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Rikk Eccent - Owlawol CD (album) cover

OWLAWOL

Rikk Eccent

 

Crossover Prog

2.91 | 4 ratings

From Progarchives.com, the ultimate progressive rock music website

Matti
Prog Reviewer
3 stars The Finnish rock musician Kimmo Salmela alias RIKK ECCENT has made his second album, three years since the debut The Garden of Delights. Personally I wasn't deeply impressed by it, and it's more or less the same with this one, but I think the production is more pleasant now. More flowing and organic, like the artist himself says in the promotional interview. The album title looks confusing; notice the capital letters AWOL, which is an abbreviation for "absence without leaving". Salmela explains the theme: "It's about the classic story of madness and sanity and the wavering line between them." The lyrics don't become very central in my listening, so I don't deal with them.

Again Salmela must be thanked for crafting a full-bred and balanced sound all by himself in the studio (except for additional drums that are credited to Rikk Cent, whoever he is). The electric guitar dominates in a rather ballsy, Jeff Beck -like manner, while the overall sound is perhaps few degrees warmer and less metallic than on the debut. The feature I'm the least fond of is the voice that sounds stuffy and hoarse. Think of Ray Wilson (of late-90's Genesis) who's caught a cold. This, however, is a pure matter of taste: someone else may think he's a wonderful, distinctive rock vocalist.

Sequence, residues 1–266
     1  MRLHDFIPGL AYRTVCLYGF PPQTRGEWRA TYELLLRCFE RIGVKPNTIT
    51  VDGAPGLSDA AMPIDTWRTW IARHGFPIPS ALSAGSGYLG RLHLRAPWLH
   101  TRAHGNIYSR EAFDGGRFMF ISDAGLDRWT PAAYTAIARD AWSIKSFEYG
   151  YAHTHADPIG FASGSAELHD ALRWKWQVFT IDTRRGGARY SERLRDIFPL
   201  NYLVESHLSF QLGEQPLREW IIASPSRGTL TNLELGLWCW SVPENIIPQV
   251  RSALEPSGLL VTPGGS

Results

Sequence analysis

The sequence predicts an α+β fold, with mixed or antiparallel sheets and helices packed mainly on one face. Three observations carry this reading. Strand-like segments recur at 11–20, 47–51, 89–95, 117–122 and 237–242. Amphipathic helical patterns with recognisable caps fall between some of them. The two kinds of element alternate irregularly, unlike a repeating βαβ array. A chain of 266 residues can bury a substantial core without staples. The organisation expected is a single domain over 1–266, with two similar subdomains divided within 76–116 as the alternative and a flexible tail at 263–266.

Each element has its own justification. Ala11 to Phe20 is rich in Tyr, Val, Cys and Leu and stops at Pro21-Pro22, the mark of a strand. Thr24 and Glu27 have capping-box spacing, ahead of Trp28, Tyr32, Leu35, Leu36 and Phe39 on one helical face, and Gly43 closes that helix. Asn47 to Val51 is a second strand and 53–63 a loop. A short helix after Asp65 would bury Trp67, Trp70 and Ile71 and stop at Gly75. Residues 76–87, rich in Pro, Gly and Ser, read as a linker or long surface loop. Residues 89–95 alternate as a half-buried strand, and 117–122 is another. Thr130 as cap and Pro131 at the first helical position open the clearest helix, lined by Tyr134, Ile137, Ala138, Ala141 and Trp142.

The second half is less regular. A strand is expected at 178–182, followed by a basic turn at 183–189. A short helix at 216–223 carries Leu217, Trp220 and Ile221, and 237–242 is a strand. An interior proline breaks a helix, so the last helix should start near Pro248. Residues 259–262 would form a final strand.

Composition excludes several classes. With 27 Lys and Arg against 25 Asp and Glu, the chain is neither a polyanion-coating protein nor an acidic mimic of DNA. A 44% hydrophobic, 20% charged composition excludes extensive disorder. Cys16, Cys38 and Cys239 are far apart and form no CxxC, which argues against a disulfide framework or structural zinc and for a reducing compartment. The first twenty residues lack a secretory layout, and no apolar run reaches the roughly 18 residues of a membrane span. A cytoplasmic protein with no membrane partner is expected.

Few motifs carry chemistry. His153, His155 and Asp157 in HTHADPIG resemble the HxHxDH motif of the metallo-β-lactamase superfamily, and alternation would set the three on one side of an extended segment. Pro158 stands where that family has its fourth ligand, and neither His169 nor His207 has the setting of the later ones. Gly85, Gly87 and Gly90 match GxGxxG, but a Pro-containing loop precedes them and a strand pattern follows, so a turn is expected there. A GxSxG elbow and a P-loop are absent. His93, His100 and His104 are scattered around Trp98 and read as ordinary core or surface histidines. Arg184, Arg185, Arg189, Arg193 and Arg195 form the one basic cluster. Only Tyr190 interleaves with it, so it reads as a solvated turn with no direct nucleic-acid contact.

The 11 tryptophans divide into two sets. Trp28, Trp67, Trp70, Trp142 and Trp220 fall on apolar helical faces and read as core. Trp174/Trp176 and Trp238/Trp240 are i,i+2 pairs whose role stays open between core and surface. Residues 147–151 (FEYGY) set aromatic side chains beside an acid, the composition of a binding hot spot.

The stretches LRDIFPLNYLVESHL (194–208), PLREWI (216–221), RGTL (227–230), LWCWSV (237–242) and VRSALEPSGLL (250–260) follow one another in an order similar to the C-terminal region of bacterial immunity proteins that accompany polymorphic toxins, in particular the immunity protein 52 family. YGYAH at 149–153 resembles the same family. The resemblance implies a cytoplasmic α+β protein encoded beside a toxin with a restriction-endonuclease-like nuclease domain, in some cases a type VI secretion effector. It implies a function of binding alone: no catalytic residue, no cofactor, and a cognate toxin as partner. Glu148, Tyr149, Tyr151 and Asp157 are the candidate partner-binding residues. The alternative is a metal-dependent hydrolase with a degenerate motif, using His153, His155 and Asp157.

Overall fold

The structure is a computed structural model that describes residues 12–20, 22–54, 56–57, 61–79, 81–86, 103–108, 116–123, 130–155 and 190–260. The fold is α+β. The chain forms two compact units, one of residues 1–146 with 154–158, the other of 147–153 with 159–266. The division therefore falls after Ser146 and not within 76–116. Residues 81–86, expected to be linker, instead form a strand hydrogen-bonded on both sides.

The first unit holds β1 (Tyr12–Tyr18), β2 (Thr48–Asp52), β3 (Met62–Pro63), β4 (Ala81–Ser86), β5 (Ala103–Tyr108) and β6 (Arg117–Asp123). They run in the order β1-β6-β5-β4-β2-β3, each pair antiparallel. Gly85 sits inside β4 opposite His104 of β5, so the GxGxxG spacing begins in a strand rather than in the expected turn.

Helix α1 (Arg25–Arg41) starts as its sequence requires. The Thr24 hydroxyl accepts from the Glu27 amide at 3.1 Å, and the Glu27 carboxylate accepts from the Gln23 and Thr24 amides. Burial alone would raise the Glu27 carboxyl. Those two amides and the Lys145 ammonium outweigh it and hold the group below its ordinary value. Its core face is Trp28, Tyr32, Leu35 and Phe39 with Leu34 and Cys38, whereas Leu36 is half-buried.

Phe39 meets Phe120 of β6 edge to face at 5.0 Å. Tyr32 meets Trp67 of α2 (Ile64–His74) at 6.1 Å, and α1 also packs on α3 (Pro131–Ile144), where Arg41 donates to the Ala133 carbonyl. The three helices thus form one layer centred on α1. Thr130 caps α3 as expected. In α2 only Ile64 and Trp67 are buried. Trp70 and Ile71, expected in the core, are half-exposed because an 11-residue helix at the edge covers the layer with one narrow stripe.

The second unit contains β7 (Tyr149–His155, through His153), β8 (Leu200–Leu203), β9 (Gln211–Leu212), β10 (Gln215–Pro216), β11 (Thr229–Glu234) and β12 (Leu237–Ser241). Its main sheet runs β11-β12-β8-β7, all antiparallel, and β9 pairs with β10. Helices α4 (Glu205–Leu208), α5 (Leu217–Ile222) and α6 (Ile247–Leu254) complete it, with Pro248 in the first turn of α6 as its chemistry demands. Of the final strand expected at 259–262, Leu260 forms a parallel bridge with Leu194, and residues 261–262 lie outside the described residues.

At least early on the album the music is for me too close to the wide grey area of 'street-credible', slightly depressed, guitar-oriented, non-progressive rock (from the nineties onwards) that just leaves me cold personally. By the way, 'Prog On' is a cover of 'Rock On' by David Essex. 'Fare Well' is a pretty cool song in its restrained, dark emotion and tonal spaceyness. The guitar solo in the middle is powerful. On 'Higher Ground', another slightly creepy and effectively dynamic song, Sanna Emilia adds her wordless backing vocals. Gradually the prog/art-rock flavour becomes more evident, even if the music never gets self-indulgently complex. The final track 'Tomorrow Is Slow to Come' is my favourite. All in all, I believe this well-produced album gets better on repeated listenings. Solid three stars for good musicianship (guitars especially) and for three powerful songs above the average.

Matti | 3/5 |

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